PLL also wished to clarify ‘misunderstandings in recent media reports.’ Piedmont CEO Keith Phillips provided the following comment on the matter:
‘Although we received important federal permits for our project in 2019, Piedmont’s upcoming state mining permit and county rezoning applications could only advance once our definitive plans were established.’
A shift to more environmentally-friendly technology over the last four years slated for the project resulted in ‘adjustments to our plans.’
What next for the ASX PLL Share Price?
The news coverage triggered by Reuters certainly got the attention of Piedmont investors.
As the chart below shows, trading volume in PLL shares skyrocketed when the news dropped.
Yesterday’s trading volume was about three-times higher than Piedmont’s average:
But what should we make of all this?
Well, it seems to me the issue is not necessarily that Piedmont is yet to apply for crucial mining permits.
Rather, as the local coverage reveals, it looks like the issue is the vocal opposition to Piedmont’s project by Gaston County residents.
If the prevailing mood in Gaston County was receptive and positive, an unlodged permit application wouldn’t matter as much.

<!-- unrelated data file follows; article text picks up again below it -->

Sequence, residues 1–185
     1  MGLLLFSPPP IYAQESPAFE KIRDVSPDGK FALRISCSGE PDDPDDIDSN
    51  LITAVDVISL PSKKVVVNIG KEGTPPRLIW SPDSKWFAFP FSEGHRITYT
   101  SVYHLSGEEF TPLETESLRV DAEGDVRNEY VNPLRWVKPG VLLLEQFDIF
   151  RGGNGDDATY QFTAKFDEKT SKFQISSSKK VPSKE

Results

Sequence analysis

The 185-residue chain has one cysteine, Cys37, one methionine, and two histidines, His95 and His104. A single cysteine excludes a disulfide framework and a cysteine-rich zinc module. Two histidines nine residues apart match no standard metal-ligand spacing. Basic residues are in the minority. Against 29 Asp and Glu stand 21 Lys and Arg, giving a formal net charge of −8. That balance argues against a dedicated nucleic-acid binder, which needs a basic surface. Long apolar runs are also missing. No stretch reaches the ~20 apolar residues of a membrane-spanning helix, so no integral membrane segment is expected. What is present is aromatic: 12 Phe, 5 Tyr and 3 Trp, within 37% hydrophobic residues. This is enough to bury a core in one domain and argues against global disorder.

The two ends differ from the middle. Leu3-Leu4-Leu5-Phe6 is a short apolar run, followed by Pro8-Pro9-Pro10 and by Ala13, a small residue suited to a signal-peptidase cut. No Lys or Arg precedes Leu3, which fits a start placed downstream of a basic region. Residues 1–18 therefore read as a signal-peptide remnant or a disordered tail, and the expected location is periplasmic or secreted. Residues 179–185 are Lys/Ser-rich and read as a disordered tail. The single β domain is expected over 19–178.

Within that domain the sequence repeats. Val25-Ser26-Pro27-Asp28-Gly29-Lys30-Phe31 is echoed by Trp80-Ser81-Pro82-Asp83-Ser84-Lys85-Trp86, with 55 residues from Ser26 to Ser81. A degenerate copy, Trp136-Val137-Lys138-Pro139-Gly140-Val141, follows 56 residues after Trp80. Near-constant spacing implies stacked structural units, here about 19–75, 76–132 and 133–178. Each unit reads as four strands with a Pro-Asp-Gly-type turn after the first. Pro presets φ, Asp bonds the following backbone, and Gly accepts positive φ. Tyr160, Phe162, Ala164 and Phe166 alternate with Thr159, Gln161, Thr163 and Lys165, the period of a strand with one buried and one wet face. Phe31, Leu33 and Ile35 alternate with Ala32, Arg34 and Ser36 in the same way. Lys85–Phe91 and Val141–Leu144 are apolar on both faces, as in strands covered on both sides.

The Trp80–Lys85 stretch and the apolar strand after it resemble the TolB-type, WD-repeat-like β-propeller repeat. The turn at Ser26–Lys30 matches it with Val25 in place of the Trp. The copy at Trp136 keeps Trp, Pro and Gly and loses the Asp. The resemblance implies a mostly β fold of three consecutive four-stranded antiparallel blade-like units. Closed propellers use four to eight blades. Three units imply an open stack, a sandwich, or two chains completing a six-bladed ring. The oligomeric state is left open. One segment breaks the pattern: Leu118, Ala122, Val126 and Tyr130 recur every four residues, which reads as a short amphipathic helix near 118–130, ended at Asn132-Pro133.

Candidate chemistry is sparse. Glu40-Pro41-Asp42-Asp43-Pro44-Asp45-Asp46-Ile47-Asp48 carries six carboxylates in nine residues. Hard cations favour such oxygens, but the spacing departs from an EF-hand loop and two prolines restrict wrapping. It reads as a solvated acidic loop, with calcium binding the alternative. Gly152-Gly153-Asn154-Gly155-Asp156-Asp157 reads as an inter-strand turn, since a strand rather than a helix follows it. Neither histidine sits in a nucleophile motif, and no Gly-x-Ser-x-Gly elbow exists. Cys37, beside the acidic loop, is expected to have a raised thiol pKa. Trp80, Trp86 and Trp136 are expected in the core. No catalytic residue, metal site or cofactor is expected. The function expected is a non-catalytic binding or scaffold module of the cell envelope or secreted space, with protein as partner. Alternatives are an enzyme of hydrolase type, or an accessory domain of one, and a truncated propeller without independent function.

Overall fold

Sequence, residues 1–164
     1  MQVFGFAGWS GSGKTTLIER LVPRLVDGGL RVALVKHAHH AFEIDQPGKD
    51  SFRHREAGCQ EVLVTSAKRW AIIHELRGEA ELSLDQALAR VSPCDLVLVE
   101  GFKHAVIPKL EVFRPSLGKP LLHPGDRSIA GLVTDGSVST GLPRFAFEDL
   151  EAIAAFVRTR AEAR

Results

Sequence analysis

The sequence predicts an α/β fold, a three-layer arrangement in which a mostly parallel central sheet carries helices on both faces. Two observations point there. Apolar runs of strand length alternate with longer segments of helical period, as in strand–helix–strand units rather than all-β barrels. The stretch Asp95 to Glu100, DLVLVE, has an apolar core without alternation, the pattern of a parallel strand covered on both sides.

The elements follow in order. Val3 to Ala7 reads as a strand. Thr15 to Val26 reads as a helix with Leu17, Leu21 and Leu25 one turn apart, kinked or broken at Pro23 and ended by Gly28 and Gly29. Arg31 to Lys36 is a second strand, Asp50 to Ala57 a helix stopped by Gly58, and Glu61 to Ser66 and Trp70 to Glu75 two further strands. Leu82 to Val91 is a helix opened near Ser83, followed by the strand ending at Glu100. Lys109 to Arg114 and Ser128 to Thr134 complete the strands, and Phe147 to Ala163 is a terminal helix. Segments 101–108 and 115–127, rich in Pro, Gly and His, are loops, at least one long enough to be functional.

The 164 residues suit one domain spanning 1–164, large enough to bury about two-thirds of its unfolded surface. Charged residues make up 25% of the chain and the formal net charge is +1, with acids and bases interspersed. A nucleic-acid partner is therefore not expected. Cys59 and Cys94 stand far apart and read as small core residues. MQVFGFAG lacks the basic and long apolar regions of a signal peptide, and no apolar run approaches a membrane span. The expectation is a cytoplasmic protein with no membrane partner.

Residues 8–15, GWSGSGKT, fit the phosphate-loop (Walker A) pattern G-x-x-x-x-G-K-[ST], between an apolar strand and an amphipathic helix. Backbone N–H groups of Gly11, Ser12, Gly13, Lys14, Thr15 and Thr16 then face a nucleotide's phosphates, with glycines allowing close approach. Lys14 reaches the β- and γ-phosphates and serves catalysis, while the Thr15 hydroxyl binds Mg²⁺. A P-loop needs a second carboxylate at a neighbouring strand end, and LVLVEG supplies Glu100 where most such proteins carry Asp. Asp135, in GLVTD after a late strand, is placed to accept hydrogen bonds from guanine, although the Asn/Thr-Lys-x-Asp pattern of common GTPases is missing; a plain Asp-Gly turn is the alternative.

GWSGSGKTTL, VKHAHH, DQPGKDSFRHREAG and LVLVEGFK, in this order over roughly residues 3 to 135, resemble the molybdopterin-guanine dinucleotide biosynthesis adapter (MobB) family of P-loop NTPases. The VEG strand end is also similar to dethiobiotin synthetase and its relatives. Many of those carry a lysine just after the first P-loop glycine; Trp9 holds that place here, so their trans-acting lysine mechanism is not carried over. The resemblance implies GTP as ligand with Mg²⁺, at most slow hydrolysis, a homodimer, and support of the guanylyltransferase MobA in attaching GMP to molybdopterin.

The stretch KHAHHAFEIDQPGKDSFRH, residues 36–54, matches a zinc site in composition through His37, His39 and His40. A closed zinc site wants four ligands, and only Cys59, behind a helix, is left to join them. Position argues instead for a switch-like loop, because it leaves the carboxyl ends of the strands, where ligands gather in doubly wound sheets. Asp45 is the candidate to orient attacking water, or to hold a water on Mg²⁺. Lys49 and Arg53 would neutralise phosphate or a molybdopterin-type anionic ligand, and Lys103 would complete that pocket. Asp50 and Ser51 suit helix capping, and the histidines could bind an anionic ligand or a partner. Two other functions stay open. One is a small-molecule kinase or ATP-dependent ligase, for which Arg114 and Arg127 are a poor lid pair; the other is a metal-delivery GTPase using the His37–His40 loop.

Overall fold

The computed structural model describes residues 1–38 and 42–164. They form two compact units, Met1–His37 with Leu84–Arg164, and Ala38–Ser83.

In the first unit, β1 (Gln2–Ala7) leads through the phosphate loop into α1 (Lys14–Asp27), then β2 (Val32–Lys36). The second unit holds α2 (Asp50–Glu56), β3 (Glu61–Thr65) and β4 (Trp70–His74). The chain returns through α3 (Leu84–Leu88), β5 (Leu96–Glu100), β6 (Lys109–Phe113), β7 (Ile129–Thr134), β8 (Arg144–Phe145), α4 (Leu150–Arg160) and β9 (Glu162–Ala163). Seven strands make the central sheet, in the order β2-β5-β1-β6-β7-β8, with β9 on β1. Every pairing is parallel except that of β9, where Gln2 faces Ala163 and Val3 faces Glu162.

Maybe Piedmont’s tardiness in applying for a permit is a canary in the lithium mine. No doubt, the company was aware of rumblings from Gaston Country residents.
So in pushing out its permit application, Piedmont was giving itself time to win over the locals and persuade them of the project’s benefits.
Hence the appeal to 500-plus Piedmont jobs at US$90,000 a year, and environmental initiatives to minimise emissions, noise, traffic, and water usage.
So, what’s the risk the permits will be denied?
Something to keep in mind is the commissioners told Reuters they ‘may block or delay the project’ on the grounds that Piedmont did not tell them how they will preserve water, air, and noise quality in the area.
This leaves room for Piedmont to persuade the commissioners its plans sufficiently account for residents’ environmental concerns.
Something that may help Piedmont make that case is the company securing the Clean Water Act Section 404 Standard Individual Permit from the US Army Corps of Engineers (USACE) for the project in late 2019.
USACE’s Environmental Assessment, undertaken in conjunction with six state and federal agencies, resulted in a ‘finding of no significant impact’ for the project.
Piedmont said the Section 404 permit is the only federal permit required for its proposed mine.
More relevant to Gaston County, Piedmont also obtained a CWA Section 401 Individual Water Quality Certification from the North Carolina Division of Water Resources, as well as an air quality permit from the North Carolina Department of Environmental Quality.
Today, the company said it plans to submit the state mining permit application in August 2021, with a definitive feasibility study expected to be finalised the following month.